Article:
Colossians 3-4 B

Carly’s application of 3:13 last time was excellent. Love can be work, but it can also be incredibly fruitful!

“Bondservants, obey in everything those who are your earthly masters, not by way of eye-service, as people-pleasers, but with sincerity of heart, fearing the Lord. Whatever you do, work heartily, as for the Lord and not for men, knowing that from the Lord you will receive the inheritance as your reward. You are serving the Lord Christ. For the wrongdoer will be paid back for the wrong he has done, and there is no partiality.” (3:22-25)

In everything, we’ve gotta keep the opinion of the LORD at the forefront of our minds.

I love that last line. “There is no partiality”. Our lives are full of partiality. Everything can be boiled down to a comparison, it seems. However, in light of the Word of the LORD, its good for me to remember to take responsibility for myself. In my frustration with someone lording something over me, do I turn around and do it to someone else?

That reminds me of the parable in Matthew 18:23-35 where a guy is forgiven an enormous debt to the king and then he goes and chokes out a guy who owes him money. So much of following Jesus circles back to “doing for others what you’d like done for you.” We will all be held accountable for our own actions and it’s not graded on a curve.

I know I’m someone who needs a lot of grace, so that should push me to be gracious. When I work for someone, I do it the way I think would glorify God and guess what? I get promoted a lot. Now, the world isn’t fair, so that’s not always going to be the case, but I think the point is to not get short sighted when it comes to circumstances, and always be short sighted when it comes to watching someone’s work.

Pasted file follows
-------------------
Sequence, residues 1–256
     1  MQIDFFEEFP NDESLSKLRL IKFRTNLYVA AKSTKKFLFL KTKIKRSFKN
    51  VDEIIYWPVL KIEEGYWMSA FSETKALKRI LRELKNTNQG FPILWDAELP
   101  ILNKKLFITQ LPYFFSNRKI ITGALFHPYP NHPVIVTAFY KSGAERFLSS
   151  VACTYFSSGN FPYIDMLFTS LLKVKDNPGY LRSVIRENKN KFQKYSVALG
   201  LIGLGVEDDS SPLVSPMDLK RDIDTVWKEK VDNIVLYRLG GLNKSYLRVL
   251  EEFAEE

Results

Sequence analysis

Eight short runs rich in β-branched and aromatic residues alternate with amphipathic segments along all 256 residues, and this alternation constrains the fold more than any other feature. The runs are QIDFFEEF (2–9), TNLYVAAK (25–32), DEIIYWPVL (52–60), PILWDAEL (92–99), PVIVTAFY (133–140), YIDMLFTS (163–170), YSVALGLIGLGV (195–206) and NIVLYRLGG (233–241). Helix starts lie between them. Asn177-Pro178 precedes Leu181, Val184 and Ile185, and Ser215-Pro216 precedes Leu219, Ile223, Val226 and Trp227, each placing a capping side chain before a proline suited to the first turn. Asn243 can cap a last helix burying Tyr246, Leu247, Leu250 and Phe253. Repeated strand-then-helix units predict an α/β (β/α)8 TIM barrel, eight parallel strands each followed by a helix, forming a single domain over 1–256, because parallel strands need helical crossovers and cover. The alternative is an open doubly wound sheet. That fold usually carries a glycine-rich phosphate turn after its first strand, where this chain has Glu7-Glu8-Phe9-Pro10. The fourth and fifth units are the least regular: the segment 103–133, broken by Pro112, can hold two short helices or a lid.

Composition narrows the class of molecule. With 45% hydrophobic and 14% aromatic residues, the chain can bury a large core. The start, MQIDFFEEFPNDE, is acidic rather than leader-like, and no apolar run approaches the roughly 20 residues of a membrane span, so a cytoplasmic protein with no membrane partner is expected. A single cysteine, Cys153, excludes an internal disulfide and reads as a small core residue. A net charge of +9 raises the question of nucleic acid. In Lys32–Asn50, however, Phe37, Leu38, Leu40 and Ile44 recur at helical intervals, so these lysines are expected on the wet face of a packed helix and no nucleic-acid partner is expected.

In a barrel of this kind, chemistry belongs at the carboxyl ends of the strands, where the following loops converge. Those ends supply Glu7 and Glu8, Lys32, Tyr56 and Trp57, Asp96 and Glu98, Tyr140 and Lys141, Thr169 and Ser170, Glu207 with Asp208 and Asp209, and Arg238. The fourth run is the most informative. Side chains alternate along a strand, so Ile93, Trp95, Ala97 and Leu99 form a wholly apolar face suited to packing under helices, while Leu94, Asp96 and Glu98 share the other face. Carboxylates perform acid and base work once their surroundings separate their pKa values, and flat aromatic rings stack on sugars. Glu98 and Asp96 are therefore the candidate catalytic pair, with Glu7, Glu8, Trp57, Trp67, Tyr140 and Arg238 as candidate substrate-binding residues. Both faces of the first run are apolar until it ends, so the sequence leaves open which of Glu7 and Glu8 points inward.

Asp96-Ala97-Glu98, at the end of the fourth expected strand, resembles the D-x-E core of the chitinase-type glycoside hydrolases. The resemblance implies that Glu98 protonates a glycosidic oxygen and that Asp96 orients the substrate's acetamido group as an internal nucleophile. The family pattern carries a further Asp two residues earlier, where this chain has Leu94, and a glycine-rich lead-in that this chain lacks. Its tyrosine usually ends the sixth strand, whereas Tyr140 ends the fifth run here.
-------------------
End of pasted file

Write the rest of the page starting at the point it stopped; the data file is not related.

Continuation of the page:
The next verse in 4:1 is a warning for masters to remember they have a powerful boss too; and He’s been known to hear the cries of oppressed people. For those of us responsible for other people, this is a great “Fear of the LORD” moment.

What does this look like for you?


Colossians 1-2 B

“Let your roots grow down into him, and let your lives be built on him. Then your faith will grow strong in the truth you were taught, and you will overflow with thankfulness.” 2:7

What does it mean to set roots down into Jesus and built your life secured in him? This is what it’s looked like for me:

-A dedication to reading his word. Regularly reading the Bible changes the direction of my life towards Christ every time I open it.

-Surrounding myself with godly people. Since developing a deep relationship with the Lord, I’ve always invited an older, wiser woman into my life and allowed them to direct it. This dramatically protected my life when I was in college, and I highly recommend it for all seasons of life.

-A regular habit of repentance. It’s so much easier to just ignore your mistakes and slowly, over time, create distance between you and God. I’m not always “done” with whatever I’m repenting of, and sometimes I admit to the same sin every day. But I try to remember that God knows about my sin whether I admit it or not. And leaving it unacknowledged leaves room in my heart for shame to grow.

-Regularly worshiping Jesus. My preference is through music, but this can look different for everyone. Making a habit of thanking and praising God for who he is and what he’s done develops a muscle for gratefulness my soul regularly needs to flex.

Take a minute and ask yourself, what is your life built on?


Philippians 3-4 B

“For we are the true circumcision, who worship in the Spirit of God and glory in Christ Jesus and put no confidence in the flesh.” (4:2)

Always remember the power of our Salvation is the victory of Christ, who removed the sting/curse of death/sin; teaching us the way to live (2:5-7) and giving us newness by His Spirit. That is what differentiates His people from others: His transformation power.